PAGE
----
• So far so good, almost a month without any issues. I am awarding the points after having this question open for 668 days. – Rudi Strydom Dec 1 '14 at 15:43
3

To try to pinpoint the offending requests you may configure Stuck Thread Detection Valve in Tomcat.

This valve allows to detect requests that take a long time to process, which might indicate that the thread that is processing it is stuck.

When such a request is detected, the current stack trace of its thread is written to Tomcat log with a WARN level.

The IDs and names of the stuck threads are available through JMX in the stuckThreadIds and stuckThreadNames attributes. The IDs can be used with the standard Threading JVM MBean (java.lang:type=Threading) to retrieve other information about each stuck thread.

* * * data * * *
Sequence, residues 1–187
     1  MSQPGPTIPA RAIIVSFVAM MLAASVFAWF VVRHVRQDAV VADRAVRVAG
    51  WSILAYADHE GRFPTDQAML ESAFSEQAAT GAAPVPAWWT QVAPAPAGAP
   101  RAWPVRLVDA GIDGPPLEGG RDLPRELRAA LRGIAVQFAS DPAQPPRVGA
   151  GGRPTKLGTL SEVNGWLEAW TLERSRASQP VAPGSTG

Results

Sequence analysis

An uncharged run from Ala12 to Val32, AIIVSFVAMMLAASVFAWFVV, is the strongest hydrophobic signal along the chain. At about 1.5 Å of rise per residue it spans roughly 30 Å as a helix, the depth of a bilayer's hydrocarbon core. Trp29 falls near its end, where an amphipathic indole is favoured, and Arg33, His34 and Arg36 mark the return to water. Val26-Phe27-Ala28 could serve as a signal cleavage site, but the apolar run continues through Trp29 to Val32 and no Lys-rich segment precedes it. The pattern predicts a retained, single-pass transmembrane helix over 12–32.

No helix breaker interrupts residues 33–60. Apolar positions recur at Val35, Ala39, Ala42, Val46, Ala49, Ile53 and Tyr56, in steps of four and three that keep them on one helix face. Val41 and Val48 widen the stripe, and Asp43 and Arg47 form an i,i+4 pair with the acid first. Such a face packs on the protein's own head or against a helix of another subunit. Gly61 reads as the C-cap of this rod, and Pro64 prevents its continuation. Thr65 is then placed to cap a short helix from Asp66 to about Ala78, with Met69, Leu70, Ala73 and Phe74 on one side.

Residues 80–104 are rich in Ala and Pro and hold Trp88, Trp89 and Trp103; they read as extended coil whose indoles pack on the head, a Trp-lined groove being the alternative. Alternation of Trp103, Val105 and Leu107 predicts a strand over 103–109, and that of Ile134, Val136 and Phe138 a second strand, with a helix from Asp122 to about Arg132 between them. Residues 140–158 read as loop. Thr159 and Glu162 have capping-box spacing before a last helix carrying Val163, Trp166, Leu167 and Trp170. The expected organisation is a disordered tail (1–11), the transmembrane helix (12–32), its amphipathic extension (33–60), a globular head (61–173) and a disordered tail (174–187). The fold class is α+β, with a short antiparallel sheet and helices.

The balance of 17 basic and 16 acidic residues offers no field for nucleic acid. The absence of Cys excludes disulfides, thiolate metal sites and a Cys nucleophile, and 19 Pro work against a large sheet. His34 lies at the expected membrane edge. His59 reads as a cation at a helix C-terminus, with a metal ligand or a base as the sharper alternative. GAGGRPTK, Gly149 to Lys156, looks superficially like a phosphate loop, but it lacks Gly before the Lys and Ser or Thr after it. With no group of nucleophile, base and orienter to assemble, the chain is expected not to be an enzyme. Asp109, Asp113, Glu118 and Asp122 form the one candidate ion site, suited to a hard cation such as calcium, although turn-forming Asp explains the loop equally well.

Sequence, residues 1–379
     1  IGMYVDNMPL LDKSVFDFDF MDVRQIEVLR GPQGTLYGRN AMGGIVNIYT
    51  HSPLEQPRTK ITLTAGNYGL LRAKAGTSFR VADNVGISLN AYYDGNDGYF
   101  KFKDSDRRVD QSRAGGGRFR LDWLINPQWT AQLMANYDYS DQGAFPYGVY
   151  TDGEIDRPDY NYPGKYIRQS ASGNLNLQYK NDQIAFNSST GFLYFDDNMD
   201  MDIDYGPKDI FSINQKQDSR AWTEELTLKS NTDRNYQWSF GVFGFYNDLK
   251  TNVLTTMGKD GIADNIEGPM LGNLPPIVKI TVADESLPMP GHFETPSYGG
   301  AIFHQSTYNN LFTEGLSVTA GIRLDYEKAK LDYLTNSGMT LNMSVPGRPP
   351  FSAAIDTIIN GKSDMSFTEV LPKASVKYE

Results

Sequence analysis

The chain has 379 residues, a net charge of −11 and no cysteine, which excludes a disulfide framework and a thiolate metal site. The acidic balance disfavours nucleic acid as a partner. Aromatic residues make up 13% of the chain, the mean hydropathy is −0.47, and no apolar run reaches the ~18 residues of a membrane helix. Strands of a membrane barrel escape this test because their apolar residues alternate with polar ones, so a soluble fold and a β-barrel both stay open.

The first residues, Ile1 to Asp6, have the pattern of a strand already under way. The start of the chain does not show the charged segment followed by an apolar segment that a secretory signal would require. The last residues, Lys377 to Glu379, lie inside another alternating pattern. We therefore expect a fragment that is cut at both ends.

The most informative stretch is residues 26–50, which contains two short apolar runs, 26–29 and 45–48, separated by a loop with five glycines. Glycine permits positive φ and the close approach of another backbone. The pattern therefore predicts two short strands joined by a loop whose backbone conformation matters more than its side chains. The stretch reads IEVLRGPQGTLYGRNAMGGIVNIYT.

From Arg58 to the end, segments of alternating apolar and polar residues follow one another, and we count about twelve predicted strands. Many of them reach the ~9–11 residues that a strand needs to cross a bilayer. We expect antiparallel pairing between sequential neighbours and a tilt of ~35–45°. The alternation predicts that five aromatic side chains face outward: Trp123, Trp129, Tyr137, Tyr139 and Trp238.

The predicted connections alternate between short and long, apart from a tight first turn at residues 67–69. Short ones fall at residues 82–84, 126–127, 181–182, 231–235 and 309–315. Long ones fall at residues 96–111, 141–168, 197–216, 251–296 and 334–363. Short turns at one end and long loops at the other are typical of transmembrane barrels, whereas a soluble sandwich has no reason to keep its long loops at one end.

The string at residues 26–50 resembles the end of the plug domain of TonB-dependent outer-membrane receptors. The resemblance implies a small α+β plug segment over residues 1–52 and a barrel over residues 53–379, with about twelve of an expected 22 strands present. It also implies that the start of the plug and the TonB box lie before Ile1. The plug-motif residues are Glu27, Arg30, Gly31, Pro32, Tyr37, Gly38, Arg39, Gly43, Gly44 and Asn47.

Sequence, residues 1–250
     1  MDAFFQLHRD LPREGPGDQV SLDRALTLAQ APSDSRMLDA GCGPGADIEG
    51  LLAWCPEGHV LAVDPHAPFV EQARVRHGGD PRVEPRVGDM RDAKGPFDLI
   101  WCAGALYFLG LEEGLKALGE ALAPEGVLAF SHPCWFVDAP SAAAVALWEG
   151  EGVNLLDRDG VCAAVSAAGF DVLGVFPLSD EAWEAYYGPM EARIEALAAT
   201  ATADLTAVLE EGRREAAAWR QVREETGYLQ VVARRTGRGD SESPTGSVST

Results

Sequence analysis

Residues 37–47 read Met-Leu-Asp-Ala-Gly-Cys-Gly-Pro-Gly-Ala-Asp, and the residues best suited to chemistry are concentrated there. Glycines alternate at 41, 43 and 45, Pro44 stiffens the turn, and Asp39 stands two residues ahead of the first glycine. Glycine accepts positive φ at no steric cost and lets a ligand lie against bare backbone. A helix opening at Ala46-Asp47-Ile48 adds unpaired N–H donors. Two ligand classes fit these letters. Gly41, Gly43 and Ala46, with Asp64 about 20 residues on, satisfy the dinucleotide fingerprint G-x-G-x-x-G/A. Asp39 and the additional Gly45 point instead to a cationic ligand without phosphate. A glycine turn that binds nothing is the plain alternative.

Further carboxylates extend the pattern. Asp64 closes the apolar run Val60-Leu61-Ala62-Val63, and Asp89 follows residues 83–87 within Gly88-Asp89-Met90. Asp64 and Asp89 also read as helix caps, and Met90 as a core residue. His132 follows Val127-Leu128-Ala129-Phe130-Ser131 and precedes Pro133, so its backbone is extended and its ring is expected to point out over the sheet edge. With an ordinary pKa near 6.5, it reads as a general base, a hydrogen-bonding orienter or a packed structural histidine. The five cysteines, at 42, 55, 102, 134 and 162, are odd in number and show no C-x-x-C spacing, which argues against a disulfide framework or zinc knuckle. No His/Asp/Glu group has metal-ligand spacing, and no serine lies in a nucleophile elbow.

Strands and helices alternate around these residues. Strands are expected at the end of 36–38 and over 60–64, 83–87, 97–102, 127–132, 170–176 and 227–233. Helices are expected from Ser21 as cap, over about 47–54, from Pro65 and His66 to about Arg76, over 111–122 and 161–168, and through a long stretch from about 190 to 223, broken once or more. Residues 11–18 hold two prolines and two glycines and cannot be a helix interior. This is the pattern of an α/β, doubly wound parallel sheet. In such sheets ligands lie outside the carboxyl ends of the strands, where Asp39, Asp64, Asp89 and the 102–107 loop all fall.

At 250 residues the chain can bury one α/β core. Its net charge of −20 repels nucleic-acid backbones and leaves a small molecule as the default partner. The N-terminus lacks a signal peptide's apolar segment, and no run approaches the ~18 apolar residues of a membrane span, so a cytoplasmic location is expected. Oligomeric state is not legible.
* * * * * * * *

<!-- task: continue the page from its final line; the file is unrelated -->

3

If the CPU utilisation is below 100% and yet the app has ground to a halt, this implies that something is preventing the CPU from being fully utilized.

I/O or excessive context switching (e.g. caused by locks) are the usual culprits for this.

Can you post the output from vmsstat 1 during one of the events? - the next step in diagnosis is to disambiguate whether context switching is the issue here.

  • Hi, thanks for the response. I have uploaded vmstat as well as gc logs. – Rudi Strydom Aug 20 '14 at 11:10
3

This is not a memory issue, as in your dump the GC isn't even busy and there is enough memory available. In addition the CPU is stuck at 60%, but if the application would be busy calculating (GC or something else) it would be stuck at 100%, same if this was a network attack. So the source of this problem must include some disk-IO operation.